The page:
Although Chesterfield County Public Schools are waiting for a Fiscal Year 2023 budget to be adopted by the General Assembly, school officials are proceeding with salary increases for teachers.
During a May 10 work session, the schools’ Chief Financial Officer Robert Meister said the increases will range from 8.6 to 8.8 percent. For beginning teachers, the new salary will jump from $46,000 to $49,481.
In addition, he said the schools will keep substitute pay at $101.50 a day along with $203 on Fridays and high demand days.
The funding is part of an $899.7 million budget approved by the county board of supervisors on April 6 that included $36 million for teachers, Meister said.
The teachers’ salary increases are part of Salary Study I. The school district plans to proceed with a multi-phase implementation of Salary Study II in the coming years, which will address pay compression and the market average, he said.
Aside from investing in the workforce, the school district would like to also address student needs and infrastructure, but those will have to wait for the state’s budget adoption.
Meister was hopeful the General Assembly would reach a budget agreement by late May in time for the school board to address it on June 7. However, if that fails, they could call a special session on June 24 prior to the board of supervisors’ June 29 meeting, according to board chair Ann Coker (Bermuda).
The state has 15 days from final adoption of a new budget to produce a calculation tool for school districts to determine funding, Meister said, adding that he hopes they won’t use all of those 15 days. The state is required to have a budget by June 30.
“The staff behind the teachers are waiting in limbo” for contracts, board member Debbie Bailey (Dale) said.
“The achievement gaps that are a result of COVID are real,” board member Kathryn Haines (Midlothian) said. “We need an investment that Virginia has not yet seen before in education.”
She was hopeful the state’s budget would lean more toward the Senate version.
Shawn Smith, school district spokesman, noted that it will be a compromise between the Senate and House versions. Reconciling a reduction in grocery sales tax revenues will be one point under discussion, he said.
Also during the work session, the chair of the district’s School Health Advisory Board said they are recommending that future elementary recess periods be expanded from two 15-minute periods to two 20-minute periods as a way to respond to pandemic-related mental health challenges. In addition, the board recommends that recess never be taken away from a student as a form of punishment or used as a time to do make-up work.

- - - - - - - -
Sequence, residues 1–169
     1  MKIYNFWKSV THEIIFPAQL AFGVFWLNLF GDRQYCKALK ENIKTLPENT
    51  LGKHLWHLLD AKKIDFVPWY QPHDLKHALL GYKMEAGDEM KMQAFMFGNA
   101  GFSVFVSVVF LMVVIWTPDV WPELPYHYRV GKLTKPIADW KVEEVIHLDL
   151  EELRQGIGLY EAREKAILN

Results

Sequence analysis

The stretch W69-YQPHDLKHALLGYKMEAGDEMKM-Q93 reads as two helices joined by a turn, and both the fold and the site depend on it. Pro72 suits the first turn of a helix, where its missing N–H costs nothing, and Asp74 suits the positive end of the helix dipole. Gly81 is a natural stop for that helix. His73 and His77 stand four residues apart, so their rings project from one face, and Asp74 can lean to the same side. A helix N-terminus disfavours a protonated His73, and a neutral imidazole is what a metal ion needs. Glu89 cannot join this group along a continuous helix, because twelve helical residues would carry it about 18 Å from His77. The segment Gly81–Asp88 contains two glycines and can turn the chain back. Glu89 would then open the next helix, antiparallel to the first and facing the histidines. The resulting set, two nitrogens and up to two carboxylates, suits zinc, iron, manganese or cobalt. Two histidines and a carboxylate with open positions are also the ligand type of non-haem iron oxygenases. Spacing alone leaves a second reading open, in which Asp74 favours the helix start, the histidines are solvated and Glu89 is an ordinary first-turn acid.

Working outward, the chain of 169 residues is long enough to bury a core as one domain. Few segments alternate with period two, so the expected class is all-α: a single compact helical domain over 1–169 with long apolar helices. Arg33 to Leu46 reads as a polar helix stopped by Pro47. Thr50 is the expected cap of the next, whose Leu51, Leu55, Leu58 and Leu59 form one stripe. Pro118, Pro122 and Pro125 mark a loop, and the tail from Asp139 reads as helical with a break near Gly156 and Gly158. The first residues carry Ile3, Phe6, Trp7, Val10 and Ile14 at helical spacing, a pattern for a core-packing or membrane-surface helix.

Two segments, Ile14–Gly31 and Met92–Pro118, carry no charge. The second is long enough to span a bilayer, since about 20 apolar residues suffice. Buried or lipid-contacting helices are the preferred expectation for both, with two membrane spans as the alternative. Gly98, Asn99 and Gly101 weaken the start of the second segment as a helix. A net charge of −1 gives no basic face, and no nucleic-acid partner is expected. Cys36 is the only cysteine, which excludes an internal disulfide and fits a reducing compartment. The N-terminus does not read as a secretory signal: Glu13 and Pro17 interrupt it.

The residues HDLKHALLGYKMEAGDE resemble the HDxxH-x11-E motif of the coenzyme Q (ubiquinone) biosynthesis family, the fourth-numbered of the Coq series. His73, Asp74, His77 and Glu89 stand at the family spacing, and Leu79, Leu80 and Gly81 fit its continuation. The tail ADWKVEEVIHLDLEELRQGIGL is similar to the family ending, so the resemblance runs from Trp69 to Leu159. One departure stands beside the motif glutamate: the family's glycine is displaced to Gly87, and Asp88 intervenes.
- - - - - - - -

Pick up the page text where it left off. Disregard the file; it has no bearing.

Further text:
The board also recommends teachers not use food or candy as rewards in the classroom on a regular basis.
New school principals
Superintendent Merv Daugherty announced several new school principals for the fall, including Rashaud Johnson at Falling Creek Elementary and Bryan Hicks at Carver Middle. Rashaud Johnson is currently the associate principal and will replace Pamela Johnson, while Hicks is the acting principal and being promoted to permanent.
Lesley Harris, principal at Chester Early Childhood Learning Academy, noted they have 365 students in their first year and have the capacity to be at 418. The school offers the Virginia Preschool Initiative for students from families at 200 percent or less of the federal poverty level along with Head Start and Early Childhood Special Education programs.
CECLA serves students who will attend 12 elementary schools, including Bellwood, Bensley, Beulah, C.E. Curtis, Ecoff, Enon, O.B. Gates, Harrowgate, Marguerite Christian, Salem Church, Elizabeth Scott and C.C. Wells.
As part of the consent agenda, the board approved a new alternative school accreditation plan for Carver College and Career Academy, which has been under one since 2011, according to Principal Stephen Hackett.
The school board will meet June 7 at 4 p.m. for a work session and 6:30 p.m. for a business meeting.
High school graduations
Daugherty noted that the district’s high school graduations are coming soon.
Following are the dates and times for those in the Village News’ coverage area.
Wednesday, May 25: Meadowbrook, 10 a.m.; L.C. Bird, 2:30 p.m.; and Thomas Dale, 7 p.m. All are at Virginia Commonwealth University.
Friday, May 27: Matoaca, 9 a.m.; Carver College and Career Academy, 1:30 p.m. Both are at Virginia State University.